In addition, even if credited, Dr. Cobb's observations regarding pain levels would not conclusively show that Craig cannot engage in substantial gainful activity. The mere fact that working may cause pain or discomfort does not mandate a finding of disability, see Jones v. Chater, 86 F.3d 823, 826 (8th Cir. 1996), and indeed Dr. Cobb's opinion indicates that Craig is able to stand or walk for four hours out of an eight-hour day (two without interruption), and to sit for six hours out of an eight-hour day (two without interruption).
Regarding Dr. Cobb's unelaborated observation that Craig suffers from "moderate depression," we note that Dr. Cobb is not licensed as a mental health professional, see Loving v. Dep't of Health & Human Svcs., 16 F.3d 967, 971 (8th Cir. 1994) (opinions outside physician's field of expertise carry little weight), and that Craig's subsequent treatment records appear to indicate that the problem is reasonably controllable. Moreover, in Craig's initial disability report, she made no mention of depression as a basis for her claim. See Spradling v. Chater, 126 F.3d 1072, 1074 (8th Cir. 1997) (failure to allege disabling mental impairment on application for disability may be considered as credibility factor).
Therefore, based on our review of the record as a whole, we conclude that substantial evidence supports the ALJ's finding that Craig possesses sufficient residual functional capacity to engage in sedentary work.4
Craig also contends that, by failing to consult the Dictionary of Occupational Titles, the ALJ overlooked the actual physical demands of telemarketing that are inconsistent with "simple unskilled sedentary work," and was therefore wrong to conclude that Craig is able to perform her past relevant work. Craig did not articulate this argument before the district court. The claim has thus been forfeited; accordingly, we decline to address it. See Yeazel v. Apfel, 148 F.3d 910, 911-12 (8th Cir. 1998); Misner v. Chater, 79 F.3d 745 (8th Cir. 1996).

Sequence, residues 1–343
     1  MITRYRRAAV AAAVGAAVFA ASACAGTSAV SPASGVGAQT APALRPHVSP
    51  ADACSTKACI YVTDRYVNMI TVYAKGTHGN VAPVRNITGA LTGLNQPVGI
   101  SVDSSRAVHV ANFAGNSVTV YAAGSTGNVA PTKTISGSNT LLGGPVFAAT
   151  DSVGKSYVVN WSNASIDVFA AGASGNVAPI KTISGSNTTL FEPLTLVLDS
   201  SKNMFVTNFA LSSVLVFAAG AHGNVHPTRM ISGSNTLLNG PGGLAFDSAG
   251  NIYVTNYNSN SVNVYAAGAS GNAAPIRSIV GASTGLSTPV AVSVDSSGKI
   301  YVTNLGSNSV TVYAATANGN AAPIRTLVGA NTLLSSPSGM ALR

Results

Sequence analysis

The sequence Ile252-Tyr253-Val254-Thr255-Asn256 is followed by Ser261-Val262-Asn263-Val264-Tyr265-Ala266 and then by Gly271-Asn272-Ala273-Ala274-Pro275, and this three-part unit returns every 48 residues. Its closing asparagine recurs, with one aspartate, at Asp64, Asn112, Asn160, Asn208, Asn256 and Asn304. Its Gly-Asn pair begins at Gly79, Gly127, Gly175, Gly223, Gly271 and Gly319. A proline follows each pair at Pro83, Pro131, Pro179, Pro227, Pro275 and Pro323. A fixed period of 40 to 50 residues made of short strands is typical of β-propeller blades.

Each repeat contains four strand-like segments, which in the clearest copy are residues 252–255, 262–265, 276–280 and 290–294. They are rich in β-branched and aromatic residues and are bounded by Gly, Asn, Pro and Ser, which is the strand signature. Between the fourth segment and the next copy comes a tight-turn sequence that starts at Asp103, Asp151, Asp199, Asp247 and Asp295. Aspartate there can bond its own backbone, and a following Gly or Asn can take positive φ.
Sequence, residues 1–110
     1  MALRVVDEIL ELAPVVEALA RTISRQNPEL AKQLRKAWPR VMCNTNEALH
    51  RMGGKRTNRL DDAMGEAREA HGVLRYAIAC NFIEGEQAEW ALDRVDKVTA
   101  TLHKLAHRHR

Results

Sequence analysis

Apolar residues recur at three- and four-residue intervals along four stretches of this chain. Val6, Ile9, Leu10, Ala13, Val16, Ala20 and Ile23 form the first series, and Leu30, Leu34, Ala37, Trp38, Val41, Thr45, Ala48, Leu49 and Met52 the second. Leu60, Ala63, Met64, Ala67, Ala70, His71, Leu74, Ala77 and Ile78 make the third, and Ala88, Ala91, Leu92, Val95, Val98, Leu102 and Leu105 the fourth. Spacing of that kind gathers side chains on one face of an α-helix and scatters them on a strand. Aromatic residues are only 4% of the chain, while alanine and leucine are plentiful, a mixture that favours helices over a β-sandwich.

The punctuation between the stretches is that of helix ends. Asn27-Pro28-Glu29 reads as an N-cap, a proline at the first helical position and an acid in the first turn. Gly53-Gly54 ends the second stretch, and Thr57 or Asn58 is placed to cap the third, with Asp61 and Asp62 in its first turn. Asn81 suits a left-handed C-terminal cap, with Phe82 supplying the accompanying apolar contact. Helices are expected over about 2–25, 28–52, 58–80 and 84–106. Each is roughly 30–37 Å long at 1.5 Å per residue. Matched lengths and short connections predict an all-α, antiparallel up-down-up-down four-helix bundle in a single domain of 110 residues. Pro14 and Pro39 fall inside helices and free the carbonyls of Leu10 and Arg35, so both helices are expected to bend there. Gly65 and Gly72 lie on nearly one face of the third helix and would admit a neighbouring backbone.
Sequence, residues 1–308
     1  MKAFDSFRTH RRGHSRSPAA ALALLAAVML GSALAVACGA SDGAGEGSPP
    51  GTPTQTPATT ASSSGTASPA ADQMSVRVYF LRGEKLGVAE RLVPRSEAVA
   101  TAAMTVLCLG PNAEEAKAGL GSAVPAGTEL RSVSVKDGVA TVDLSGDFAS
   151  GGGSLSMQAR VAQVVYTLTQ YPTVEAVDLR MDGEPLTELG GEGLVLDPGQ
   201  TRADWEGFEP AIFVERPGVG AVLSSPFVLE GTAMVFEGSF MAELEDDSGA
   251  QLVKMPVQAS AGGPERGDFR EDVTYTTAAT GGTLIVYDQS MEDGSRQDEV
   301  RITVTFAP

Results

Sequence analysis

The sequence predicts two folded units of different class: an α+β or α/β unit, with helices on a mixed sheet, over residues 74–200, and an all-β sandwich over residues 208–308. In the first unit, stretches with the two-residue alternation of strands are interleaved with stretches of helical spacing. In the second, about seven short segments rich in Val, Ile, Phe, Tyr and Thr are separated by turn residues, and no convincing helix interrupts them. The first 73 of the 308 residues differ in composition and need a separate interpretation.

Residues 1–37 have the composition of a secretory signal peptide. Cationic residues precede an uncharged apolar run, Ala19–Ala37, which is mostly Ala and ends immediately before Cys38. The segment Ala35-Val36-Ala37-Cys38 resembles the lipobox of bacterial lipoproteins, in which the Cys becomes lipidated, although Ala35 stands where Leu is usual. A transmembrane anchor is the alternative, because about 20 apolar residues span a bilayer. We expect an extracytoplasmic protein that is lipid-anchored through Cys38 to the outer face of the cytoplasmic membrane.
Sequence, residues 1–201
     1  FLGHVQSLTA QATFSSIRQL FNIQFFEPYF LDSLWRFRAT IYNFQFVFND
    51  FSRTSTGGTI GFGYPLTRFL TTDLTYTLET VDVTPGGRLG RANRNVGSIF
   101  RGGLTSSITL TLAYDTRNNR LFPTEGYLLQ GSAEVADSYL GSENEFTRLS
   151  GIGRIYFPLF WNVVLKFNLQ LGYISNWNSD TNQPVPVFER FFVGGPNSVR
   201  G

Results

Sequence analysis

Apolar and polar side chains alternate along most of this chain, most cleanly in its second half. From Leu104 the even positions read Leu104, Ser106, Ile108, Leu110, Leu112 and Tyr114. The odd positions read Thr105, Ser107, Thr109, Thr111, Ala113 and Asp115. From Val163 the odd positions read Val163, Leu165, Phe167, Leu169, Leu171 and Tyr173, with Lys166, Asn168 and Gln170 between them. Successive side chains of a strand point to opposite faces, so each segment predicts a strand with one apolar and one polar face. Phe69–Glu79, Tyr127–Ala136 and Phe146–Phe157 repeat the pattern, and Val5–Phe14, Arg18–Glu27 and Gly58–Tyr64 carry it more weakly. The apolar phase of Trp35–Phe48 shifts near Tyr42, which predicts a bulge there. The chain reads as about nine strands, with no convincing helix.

The judgment is affirmed.
The Honorable Jerry Cavaneau, United States Magistrate Judge for the Eastern District of Arkansas, to whom the case was submitted by consent of the parties under 28 U.S.C. 636(c).
Bell's palsy is a partial or complete paralysis of the facial muscles, usually confined to one side of the face. See Stedman's Medical Dictionary 1285 (26th ed. 1995).
Social security regulations define sedentary work as involving lifting no more than ten pounds at a time and occasionally lifting or carrying articles like docket files, ledgers, and small tools. Although a sedentary job is generally defined as one that involves sitting, a certain amount of walking and standing is often necessary in carrying out job duties. However, the walking and standing should be occasional, and the other previously mentioned sedentary criteria must be met. See 20 C.F.R. 404.1567(a).
We also find no inconsistency in the ALJ's alternative use of the phrases "simple unskilled sedentary work" and, simply, "sedentary work." Nowhere does the opinion state or imply that Craig was able to perform the "full range" of sedentary work, as Craig contends.